(Clinton, KY) May 13, 2014 - Clinton residents once again face the prospect of losing the only mail drop in town besides the one at the local post office.
It has been reported that postal officials are once more counting pieces of mail in the big blue box located besides Byassee Drugs on West Clay Street.
From May 2009: Twice in the past few years, mail in the box has been counted on the theory that the time that postal employees spend emptying out the box once a day is too expensive for the USPS to support.
Both times the box has remained in place.
5/19/09 - THEY'RE BAAACK. We just heard that the USPS is again counting mail in the drop box here in Clinton. It seems that another mail survey will be conducted of pieces put into the box.
So - here's the word, Clintonians - if you slacked off on using the box - get back with it. Or it will be gone.
And the word to our postal officials obsessed with one lousy mailbox in a small town?
Don't you have something better to do??@!!!*?
For those of you who joined this show in progress - I am re-running the story from late December and early January below.
1/12/09: The USPS has decided not to remove the drop box- at least for the time being. Postal officials were caught off guard by the furor that resulted from their announcement that the box was coming out. No results of the box count that was supposed to take place in January were released.
Removal of drop boxes is going on all over the nation. The difference between removal of boxes in metro areas and the one in Clinton? One observer noted that in a metro area, there are lots of other boxes and lots of other business districts. In Clinton, there’s only one business district and one box right in the center.
Thanks to the USPS for allowing the box to remain - it takes a big agency to admit it's wrong and to change its mind.
If the post office doesn't want Clinton's business, one of the mail delivery landsharks cruising around the day we took the pictures for this story look ready to snatch up the chumps left behind when the US Postal Service sails away.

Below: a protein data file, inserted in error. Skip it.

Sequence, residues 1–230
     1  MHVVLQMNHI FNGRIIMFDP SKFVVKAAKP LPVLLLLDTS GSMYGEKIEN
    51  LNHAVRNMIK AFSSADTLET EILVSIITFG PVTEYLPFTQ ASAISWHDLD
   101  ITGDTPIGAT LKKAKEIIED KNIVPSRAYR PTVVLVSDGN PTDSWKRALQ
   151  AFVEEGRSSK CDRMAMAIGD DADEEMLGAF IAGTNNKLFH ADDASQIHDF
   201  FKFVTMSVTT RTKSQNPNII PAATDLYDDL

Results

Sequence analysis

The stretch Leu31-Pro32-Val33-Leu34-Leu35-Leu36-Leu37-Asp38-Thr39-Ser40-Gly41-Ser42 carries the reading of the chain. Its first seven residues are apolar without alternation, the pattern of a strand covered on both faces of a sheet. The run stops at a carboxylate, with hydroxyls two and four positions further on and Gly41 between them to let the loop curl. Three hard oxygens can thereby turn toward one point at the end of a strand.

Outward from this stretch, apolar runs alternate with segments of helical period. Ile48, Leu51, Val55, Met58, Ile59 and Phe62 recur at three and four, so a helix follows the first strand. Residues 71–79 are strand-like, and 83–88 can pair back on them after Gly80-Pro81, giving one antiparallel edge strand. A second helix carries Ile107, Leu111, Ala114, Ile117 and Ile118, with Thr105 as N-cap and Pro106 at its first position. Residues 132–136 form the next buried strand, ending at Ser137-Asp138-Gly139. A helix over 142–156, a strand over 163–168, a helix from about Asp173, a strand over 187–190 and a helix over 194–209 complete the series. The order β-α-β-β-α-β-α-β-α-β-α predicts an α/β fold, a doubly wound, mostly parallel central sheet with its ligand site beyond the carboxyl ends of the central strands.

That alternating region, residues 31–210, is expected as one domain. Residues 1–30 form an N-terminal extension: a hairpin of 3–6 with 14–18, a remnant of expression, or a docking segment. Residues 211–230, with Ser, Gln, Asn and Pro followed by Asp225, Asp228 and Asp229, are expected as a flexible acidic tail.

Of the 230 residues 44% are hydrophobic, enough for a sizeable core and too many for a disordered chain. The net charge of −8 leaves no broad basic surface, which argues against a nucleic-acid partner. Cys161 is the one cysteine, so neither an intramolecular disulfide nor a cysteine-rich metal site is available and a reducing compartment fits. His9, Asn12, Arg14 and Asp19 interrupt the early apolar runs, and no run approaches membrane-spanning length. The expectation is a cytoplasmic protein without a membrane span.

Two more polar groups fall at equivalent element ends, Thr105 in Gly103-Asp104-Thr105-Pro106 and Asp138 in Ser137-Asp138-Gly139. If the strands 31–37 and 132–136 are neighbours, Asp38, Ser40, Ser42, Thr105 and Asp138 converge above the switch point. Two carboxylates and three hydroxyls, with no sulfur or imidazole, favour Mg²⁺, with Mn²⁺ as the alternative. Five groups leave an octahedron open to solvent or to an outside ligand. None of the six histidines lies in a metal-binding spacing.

The QT word is that continued public comment that supports keeping the box is still helpful and indeed necessary. Even more important than comment is using the box.
12/30/08: The latest on the fate of our ONE AND ONLY mail drop box that exists away from the post office is the distressing belief from two separate sources that the USPS has already made up its mind and will resurvey only to prove they were right the first two times the survey was performed.
The survey of box usage was first performed in July, then again in November. The post office claims that the "holiday" survey skewed the results to greater volume. What was the big deal in November? Thanksgiving recipe exchanges? Belated Halloween greetings? Early
UPDATE: 12/24/08: REPRIEVE!!
I received a call yesterday afternoon on my voice mail from David Walton at USPS HQ in Louisville. The message said that the mail drop box will NOT be removed on December 27th. The box was surveyed "during the holidays" which meant greater usage. The resurvey in January will give a more accurate picture of whether the box is needed or not.
It is our understanding is that an average of 25 pieces of day automatically will get the box removed. (This box was averaging 50 pieces a day.) It is unclear why a box averaging 50 pieces of mail a day should even be on the list to be removed.
Credit for the reprieve goes to Johnny Byassee who got on the phone and called our congressional representatives and officials at the post office and those of you who called or emailed the post office. I emailed through the USPS.com website. (It was very frustrating - there is no "Complaints Department" on the site.
| Customer (MARY POTTER)
||12/22/2008 02:41 PM
|Please do not remove our mail drop box here in Clinton on West Clay Street. We need it here.
Dear MARY POTTER,
Thank you for contacting us regarding your not wanting a mail drop box removed.
The number of street collection boxes installed, their location, and the frequency of collection service depend primarily on the mailing patterns and the volume of mail generated by the individual community. As these and other local conditions alter, collection service is modified and adapted accordingly.